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Modélisation de la langue pour la reconnaissance vocale Incorporant des modèles probabilistes Sujet.


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Haidar, Akmal (2014). Modélisation de la langue pour la reconnaissance vocale Incorporant des modèles probabilistes Sujet. Thèse. Québec, Université du Québec, Institut national de la recherche scientifique, Doctorat en télécommunications, 188 p.

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The use of language models in automatic speech recognition helps to find the best next word, to increase recognition accuracy. Statistical language models (LMs) are trained on a large collection of text to automatically determine the model’s parameters. LMs encode linguistic knowledge in such a way that can be useful to process human language. Generally, a LM exploits the immediate past information only. Such models can capture short-length dependencies between words very well. However, in any language for communication, words have both semantic and syntactic importance. Most speech recognition systems are designed for a specific task and use language models that are trained from a large amount of text that is appropriate for this task. A task-specific language model will not do well for a different domain or topic. A perfect language model for speech recognition on general language is still far away. However, language models that are trained from a diverse style of language can do well, but are not perfectly suited for a certain domain. In this research, we introduce new language modeling approaches for automatic speech recognition (ASR) systems incorporating probabilistic topic models. In the first part of the thesis, we propose three approaches for LM adaptation by clustering the background training information into different topics incorporating latent Dirichlet allocation (LDA). In the first approach, a hard-clustering method is applied into LDA training to form different topics. We propose an n-gram weighting technique to form an adapted model by combining the topic models. The models are then further modified by using latent semantic marginals (LSM) using a minimum discriminant information (MDI) technique. In the second approach, we introduce a clustering technique where the background n-grams are directed into different topics using a fraction of the global count of the n-grams. Here, the probabilities of the n-grams for different topics are multiplied by the global counts of the n-grams and are used as the counts of the respective topics. We also introduce a weighting technique that outperforms the n-gram weighting technique. In the third approach, we propose another clustering technique where the topic probabilities of the training documents are multiplied by the document-based n-gram counts and the products are summed up for all training documents; thereby the background n-grams are assigned into different topics In the second part of the thesis, we propose five topic modeling algorithms that are trained by using the expectation-maximization (EM) algorithm. A context-based probabilistic latent semantic analysis (CPLSA) model is proposed to overcome the limitation of a recently proposed unsmoothed bigram PLSA (UBPLSA) model. The CPLSA model can compute the correct topic probabilities of the unseen test document as it can compute all the bigram probabilities in the training phase, and thereby yields the proper bigram model for the unseen document. The CPLSA model is extended to a document-based CPLSA (DCPLSA) model where the document-based word probabilities for topics are trained. To propose the DCPLSA model, we are motivated by the fact that the words in different documents can be used to describe different topics. An interpolated latent Dirichlet language model (ILDLM) is proposed to incorporate long-range semantic information by interpolating distance-based n-grams into a recently proposed LDLM. Similar to the LDLM and ILDLM models, we propose enhanced PLSA (EPLSA) and interpolated EPLSA (IEPLSA) models in the PLSA framework. In the final part of the thesis, we propose two new Dirichlet class language models that are trained by using the variational Bayesian EM (VB-EM) algorithm to incorporate longrange information into a recently proposed Dirichlet class language model (DCLM). The latent variable of DCLM represents the class information of an n-gram event rather than the topic in LDA. We introduce an interpolated DCLM (IDCLM) where the class information is exploited from (n-1) previous history words of the n-grams through Dirichlet distribution using interpolated distanced n-grams. A document-based DCLM (DDCLM) is proposed where the DCLM is trained for each document using document-based n-gram events. In all the above approaches, the adapted models are interpolated with the background model to capture the local lexical regularities. We perform experiments using the ’87-89 Wall Street Journal (WSJ) corpus incorporating a multi-pass continuous speech recognition (CSR) system. In the first pass, we use the background n-gram language model for lattice generation and then we apply the LM adaptation approaches for lattice rescoring in the second pass.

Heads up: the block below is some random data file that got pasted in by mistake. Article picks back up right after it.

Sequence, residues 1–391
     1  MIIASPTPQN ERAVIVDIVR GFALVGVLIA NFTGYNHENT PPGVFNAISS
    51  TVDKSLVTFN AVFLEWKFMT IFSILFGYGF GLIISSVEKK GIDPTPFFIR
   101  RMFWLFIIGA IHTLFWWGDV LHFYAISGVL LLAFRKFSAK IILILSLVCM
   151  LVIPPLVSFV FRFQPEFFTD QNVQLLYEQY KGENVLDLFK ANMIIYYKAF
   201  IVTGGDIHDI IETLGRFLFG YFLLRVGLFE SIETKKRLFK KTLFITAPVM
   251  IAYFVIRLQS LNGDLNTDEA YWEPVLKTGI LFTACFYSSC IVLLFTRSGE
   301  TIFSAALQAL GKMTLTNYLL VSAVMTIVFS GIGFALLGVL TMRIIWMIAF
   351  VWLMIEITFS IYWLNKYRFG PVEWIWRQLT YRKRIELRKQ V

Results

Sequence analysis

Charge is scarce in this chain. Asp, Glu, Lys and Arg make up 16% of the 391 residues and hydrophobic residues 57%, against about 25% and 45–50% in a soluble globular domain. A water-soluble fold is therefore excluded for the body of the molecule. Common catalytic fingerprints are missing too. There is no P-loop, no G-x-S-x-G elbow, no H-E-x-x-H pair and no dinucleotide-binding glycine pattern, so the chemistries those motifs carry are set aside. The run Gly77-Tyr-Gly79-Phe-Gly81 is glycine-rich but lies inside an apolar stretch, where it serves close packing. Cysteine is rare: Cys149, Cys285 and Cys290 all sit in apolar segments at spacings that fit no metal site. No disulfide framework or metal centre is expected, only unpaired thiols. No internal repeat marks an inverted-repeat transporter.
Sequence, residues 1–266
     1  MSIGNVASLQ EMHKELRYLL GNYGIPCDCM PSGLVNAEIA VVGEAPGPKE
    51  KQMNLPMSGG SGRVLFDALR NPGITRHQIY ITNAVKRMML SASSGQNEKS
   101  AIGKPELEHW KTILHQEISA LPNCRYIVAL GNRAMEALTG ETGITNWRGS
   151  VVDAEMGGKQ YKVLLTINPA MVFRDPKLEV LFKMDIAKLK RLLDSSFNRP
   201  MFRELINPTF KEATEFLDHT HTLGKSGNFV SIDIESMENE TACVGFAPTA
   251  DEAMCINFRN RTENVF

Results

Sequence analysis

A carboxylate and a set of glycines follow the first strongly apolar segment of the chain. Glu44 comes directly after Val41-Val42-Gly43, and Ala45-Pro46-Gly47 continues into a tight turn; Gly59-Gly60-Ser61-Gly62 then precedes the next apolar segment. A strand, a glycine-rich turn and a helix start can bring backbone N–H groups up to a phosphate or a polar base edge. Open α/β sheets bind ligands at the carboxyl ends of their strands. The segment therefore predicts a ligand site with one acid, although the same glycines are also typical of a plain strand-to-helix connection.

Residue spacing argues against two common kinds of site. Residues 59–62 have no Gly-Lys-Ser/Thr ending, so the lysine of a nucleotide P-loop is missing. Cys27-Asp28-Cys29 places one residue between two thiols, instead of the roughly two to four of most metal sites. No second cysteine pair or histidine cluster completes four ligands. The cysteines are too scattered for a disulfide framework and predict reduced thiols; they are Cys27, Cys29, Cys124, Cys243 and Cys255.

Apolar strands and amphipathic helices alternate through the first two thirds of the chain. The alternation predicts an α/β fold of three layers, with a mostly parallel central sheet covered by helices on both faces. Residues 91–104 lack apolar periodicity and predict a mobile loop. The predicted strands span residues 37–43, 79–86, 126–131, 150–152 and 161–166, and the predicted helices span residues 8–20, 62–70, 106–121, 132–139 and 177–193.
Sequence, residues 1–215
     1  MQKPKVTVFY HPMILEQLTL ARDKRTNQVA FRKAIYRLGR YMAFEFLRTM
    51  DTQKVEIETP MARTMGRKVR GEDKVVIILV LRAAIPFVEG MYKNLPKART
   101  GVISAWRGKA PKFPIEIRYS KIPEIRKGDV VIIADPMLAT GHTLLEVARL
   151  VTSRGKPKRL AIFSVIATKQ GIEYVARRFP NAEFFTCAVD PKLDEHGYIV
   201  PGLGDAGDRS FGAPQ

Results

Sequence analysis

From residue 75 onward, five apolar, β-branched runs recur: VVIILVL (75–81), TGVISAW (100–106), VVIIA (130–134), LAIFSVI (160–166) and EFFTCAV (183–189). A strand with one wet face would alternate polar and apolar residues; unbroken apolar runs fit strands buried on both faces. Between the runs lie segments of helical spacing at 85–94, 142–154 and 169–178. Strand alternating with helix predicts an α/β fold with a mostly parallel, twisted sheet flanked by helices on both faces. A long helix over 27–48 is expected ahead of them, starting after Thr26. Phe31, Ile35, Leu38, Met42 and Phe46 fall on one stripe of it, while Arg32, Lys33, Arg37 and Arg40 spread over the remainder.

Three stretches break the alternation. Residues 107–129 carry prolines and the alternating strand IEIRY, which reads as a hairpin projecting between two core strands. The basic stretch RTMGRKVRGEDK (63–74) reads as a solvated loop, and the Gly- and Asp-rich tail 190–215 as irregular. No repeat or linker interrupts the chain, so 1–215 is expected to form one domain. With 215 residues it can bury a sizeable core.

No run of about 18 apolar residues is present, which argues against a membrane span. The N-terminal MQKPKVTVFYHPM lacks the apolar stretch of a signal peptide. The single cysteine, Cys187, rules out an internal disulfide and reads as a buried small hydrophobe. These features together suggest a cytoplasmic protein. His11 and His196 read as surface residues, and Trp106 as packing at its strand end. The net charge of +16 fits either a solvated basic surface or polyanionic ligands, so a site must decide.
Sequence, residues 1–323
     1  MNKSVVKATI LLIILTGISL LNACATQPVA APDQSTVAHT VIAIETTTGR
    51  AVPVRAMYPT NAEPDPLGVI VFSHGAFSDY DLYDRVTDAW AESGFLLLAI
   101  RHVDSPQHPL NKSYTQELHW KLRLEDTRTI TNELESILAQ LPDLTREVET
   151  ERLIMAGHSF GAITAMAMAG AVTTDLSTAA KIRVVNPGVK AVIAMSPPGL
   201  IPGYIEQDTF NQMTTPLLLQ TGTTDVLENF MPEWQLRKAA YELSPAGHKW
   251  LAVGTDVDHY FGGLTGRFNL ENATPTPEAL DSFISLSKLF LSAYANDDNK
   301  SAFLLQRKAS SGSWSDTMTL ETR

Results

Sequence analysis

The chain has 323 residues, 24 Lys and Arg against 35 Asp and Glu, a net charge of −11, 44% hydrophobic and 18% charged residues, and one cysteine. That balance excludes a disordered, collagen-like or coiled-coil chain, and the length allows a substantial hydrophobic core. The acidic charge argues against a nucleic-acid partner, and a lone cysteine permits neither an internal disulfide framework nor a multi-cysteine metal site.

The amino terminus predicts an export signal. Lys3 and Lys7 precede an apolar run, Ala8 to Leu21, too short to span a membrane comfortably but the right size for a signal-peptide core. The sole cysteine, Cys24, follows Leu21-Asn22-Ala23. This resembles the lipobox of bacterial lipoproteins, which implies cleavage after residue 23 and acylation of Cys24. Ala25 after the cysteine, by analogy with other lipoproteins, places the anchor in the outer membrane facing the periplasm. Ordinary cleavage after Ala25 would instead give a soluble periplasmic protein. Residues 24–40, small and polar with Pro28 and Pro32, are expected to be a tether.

Type de document: Thèse Thèse
Directeur de mémoire/thèse: O’Shaughnessy, Douglas
Mots-clés libres: reconnaissance vocale; modèle de langage; allocation de Dirichlet latente; latent semantic marginals
Centre: Centre Énergie Matériaux Télécommunications
Date de dépôt: 17 mars 2015 20:29
Dernière modification: 20 nov. 2015 15:44
URI: http://espace.inrs.ca/id/eprint/2624

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